Laurence Fishburne in The Matrix

The Matrix

The Matrix is a special effects extravaganza with an honest-to-goodness head on its shoulders. That’s both a good and a bad thing. Too much of the film is given over to borderline-dull talking-heads style plot exposition that takes place amid some admittedly impressive visual noodling. Basically, this obscure yarn is built around a rather fundamental philosophical notion: what if the life we lead, all of the people around us, and all of the various external stimuli that we think of as “reality” were really hallucinations imposed on us by some mad genius who has our brain floating in a tank — or, in this case, artifically intelligent machines who use our “real” bodies as batteries in a distant-future world and keep us happy and oblivious with this late-20th century fantasy environment.


Humans who have freed themselves from the matrix can fight back by plugging in to the vast system and entering it as virtual representations of their real selves. If they can manage to find and free their one true savior, who can tackle representations of the alien beings (black-suited characters known as “agents”) in their own fabricated world, they stand a fighting chance of liberating all humanity from slavery. The only problem is, if those virtual representations run into trouble when traipsing through the phony world, their physical counterparts will suffer the same physical damage.

(Well, I hope I got all that right. If I didn’t, I’m sure I’ll get email telling me exactly what I got wrong. The Matrix has a sizable online fan base, all of whom enjoyed the film tremendously.)

As a high concept, this may seem way too complicated (the primary reference points, after all, seem to range from William Gibson to God Himself). The characters on screen, all of whom have hip-verging-on-ridiculous comic book names like Trinity, Morpheus, and Cypher, struggle to explain it in scenes that are punctuated by too-clever neologisms (“the matrix is the world pulled over your eyes,” right). The actors, a mostly good-looking crew who look convincing enough in this techno environment, also struggle to get a bearing on their material.

As the flick’s pivotal computer nerd-turned-action-hero Thomas/Neo, Keanu Reeves is, well, absolutely unconvincing. Yes, his rather lightweight screen presence may be appropriate to the script, which casts him as the reluctant savior of the human race, but there’s something wrong when a film’s opening-night crowd simply giggles at the hero’s attempts to be a badass. (Chicks, however, seem to dig him.) The wiry Carrie-Anne Moss, playing Trinity, is a nice visual rhyme for Reeves, and she looks good in leather pants. That seems to be the main prerequisite for her role, since she’s relegated to third-banana status after the astounding opening sequence. (She does get to do some latter-reel hand-wringing over Neo.) As Morpheus, the mentor who leads the film’s ragtag group of rebel humans in the battle against the machines, Laurence Fishburne handles an endless series of pseudo-mystical platitudes with formidable dignity — hard to remember the time when this guy called himself “Larry.” Australian actor Hugo Weaving stands out as the acrid Agent Smith, leader of the sunglassed threesome of goons out to take Neo down. The rest of the cast, an able group of character players (including Joe Pantoliano, who appeared in the Wachowskis’ previous Bound), is generically appropriate to its formula sci-fi environment.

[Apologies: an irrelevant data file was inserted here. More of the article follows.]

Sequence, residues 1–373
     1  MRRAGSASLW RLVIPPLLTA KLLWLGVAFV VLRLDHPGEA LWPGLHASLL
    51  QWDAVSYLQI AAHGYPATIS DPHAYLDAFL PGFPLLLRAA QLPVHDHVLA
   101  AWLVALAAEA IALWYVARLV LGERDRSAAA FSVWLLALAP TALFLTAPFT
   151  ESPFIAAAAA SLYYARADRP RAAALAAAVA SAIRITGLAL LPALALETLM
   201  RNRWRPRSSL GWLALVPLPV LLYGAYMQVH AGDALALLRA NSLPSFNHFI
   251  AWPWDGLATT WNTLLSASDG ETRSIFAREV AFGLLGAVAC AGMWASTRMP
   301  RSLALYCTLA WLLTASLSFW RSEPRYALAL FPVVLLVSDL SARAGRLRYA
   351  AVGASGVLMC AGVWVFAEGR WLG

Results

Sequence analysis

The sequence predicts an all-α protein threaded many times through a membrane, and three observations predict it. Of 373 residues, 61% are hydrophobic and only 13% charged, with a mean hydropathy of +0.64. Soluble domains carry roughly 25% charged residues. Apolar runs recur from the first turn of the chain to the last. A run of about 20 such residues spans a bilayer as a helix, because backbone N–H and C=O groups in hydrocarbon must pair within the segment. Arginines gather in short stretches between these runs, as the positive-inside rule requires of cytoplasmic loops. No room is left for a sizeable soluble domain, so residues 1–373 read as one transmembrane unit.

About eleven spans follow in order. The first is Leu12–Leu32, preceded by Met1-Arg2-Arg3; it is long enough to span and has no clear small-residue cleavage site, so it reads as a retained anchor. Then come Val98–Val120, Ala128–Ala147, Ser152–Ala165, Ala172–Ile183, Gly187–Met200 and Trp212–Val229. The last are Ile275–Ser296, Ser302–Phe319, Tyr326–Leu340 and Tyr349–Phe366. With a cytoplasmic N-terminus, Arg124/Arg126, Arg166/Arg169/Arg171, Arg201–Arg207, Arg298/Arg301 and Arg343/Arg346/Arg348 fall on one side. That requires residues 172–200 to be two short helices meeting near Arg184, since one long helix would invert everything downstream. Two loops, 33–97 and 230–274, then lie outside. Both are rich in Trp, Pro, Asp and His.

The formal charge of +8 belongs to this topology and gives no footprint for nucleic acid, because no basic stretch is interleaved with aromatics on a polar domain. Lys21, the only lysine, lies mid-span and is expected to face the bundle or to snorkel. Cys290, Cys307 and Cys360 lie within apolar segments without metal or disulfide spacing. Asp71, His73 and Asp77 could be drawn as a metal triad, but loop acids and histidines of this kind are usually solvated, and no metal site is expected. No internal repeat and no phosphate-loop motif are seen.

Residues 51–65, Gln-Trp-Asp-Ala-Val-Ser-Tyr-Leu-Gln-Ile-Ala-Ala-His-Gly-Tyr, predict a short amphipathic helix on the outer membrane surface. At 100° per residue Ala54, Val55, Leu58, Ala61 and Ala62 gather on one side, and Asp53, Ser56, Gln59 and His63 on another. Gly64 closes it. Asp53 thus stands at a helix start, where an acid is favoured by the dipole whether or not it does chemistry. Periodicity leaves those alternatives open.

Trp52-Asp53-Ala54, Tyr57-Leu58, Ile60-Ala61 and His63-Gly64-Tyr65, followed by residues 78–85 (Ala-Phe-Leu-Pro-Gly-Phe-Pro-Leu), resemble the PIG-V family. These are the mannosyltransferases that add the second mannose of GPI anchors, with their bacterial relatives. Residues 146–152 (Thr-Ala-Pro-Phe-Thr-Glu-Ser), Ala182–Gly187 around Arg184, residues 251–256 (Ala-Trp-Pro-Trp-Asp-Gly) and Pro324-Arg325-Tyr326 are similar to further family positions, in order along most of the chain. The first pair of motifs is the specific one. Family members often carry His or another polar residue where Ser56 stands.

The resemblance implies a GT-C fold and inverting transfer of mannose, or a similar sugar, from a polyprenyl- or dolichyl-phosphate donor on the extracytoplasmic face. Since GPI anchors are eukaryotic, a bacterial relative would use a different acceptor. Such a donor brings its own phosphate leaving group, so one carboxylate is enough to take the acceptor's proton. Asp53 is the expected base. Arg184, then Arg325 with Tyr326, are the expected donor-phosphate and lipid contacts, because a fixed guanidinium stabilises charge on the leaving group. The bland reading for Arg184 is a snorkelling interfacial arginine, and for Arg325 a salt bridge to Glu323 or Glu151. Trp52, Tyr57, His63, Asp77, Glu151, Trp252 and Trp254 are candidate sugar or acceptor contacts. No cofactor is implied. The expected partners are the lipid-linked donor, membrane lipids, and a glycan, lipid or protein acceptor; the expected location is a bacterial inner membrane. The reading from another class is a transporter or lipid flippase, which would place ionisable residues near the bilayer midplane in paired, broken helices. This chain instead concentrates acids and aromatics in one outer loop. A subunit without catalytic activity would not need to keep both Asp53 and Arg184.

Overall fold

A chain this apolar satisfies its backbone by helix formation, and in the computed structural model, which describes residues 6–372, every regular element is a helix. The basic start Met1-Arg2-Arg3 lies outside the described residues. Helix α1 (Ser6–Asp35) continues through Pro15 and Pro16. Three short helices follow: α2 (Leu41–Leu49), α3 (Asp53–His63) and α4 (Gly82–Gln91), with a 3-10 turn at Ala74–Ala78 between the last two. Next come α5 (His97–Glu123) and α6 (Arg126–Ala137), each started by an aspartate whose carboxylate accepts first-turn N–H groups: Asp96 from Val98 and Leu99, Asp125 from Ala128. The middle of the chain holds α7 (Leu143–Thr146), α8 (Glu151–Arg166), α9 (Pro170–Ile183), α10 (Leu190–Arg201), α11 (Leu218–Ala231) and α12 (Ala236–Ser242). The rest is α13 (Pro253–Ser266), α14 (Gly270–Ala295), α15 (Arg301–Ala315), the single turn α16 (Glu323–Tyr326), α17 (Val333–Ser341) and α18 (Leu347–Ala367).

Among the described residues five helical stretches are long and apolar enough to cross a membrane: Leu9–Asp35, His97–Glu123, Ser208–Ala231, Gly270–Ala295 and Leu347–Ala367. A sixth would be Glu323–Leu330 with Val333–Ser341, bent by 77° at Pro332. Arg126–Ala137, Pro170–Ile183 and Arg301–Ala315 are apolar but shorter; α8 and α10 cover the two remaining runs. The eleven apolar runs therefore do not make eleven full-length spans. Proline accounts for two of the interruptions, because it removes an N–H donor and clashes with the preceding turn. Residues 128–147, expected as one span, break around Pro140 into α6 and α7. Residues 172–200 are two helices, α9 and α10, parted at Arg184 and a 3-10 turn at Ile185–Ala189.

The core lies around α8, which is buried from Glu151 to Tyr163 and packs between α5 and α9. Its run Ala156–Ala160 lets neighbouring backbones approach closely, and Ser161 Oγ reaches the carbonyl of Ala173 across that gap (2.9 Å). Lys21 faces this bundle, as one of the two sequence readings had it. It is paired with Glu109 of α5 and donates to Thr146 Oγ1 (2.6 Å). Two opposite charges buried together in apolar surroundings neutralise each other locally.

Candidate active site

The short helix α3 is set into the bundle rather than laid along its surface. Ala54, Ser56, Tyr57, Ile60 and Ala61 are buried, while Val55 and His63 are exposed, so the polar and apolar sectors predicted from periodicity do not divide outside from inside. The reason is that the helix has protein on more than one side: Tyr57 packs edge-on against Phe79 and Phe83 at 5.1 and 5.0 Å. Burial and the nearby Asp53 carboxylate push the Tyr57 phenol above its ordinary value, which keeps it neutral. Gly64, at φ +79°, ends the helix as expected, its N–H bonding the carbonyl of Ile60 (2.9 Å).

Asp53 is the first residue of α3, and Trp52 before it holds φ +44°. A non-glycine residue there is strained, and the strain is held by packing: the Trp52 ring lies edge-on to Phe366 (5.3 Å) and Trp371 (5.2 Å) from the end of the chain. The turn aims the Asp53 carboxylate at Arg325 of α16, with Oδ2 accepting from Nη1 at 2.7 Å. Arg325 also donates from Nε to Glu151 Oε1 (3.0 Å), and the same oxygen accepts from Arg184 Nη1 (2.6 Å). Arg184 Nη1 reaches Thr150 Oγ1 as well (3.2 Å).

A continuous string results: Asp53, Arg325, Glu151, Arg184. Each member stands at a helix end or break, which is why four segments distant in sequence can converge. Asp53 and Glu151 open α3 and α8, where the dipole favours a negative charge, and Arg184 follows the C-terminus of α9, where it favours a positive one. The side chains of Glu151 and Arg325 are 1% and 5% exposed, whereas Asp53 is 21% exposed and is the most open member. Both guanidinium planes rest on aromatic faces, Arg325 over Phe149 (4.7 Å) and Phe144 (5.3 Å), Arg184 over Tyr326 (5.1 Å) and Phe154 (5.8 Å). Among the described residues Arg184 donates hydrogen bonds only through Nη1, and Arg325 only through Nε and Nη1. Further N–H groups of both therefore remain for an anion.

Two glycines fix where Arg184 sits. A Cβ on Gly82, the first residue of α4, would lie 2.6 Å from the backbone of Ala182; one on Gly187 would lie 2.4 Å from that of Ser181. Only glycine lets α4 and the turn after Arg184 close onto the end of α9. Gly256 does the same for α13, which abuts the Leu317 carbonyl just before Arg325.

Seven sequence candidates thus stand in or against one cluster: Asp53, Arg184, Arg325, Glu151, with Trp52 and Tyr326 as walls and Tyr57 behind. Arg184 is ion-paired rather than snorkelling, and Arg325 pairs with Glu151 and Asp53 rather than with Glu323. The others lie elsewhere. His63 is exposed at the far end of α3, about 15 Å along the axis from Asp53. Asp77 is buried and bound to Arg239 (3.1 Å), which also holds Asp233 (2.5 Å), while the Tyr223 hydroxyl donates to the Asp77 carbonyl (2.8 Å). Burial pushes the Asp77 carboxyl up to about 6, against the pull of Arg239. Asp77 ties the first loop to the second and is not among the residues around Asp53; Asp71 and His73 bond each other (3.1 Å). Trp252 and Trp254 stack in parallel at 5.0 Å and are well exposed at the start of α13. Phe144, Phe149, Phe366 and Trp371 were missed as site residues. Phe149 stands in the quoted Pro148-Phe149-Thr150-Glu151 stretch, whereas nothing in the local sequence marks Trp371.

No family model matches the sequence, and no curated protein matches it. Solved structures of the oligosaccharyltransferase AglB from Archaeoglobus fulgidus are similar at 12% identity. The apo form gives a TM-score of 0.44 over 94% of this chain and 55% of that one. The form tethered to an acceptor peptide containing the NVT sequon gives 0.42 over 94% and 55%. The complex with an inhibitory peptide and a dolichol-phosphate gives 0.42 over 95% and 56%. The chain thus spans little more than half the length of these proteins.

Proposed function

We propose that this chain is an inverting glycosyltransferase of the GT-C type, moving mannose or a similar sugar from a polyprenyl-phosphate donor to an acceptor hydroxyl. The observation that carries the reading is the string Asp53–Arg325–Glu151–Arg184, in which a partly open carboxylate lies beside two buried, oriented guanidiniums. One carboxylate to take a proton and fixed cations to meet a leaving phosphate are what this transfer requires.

The directors, Andy and Larry Wachowksi, showed a gift for low-key character drama in their debut feature, but here seem much less concerned with characters and relationships than with their full battery of special effects hoo-ha. Script and story are subordinate to the movie’s real raison d’etre, which is a stunning, unprecedented fusion of Hong Kong-style martial arts choreography with digital imaging technology. Nothing if not savvy, the Wachowskis went directly to the source, hiring Woo-ping Yuen to devise the sort of fantastic hand-to-hand combat that fueled his Cantonese films, including Wing Chun (starring Michelle Yeoh of Supercop fame) and Fist of Legend (with the incomparable Jet Li). The results are unrivalled by anything outside the realm of Japanese anime — bullets are frozen in mid-air, bodies and limbs occupy two positions in space at one time, and kung-fu fighters hover in space in front of their opponents before kicking the shit out of them.

The final 20 minutes or so, which are basically an extended chase sequence encompassing several fight scenes and a spectacular helicopter stunt, are dazzling. No, the Wachowskis can’t shoot a gunfight with the sense of geography and grace that makes John Woo’s films so gripping, but they can counterfeit his style well enough to make your eyes pop. And the film operates, at this point, on a level of visual invention that makes you forget that the 100 minutes or so leading up to it were a pretty long sit. Even so, there’s a love-is-all-you-need gimmick near the end that makes for the cheesiest finale since The Fifth Element, and the final scenes are so obviously a sequel set-up (the only thing missing is the words “to be continued” scrolling up the screen) that the film is only semi-satisfying even on its own terms. With a better cast and a tighter script, this could have been a knockout.

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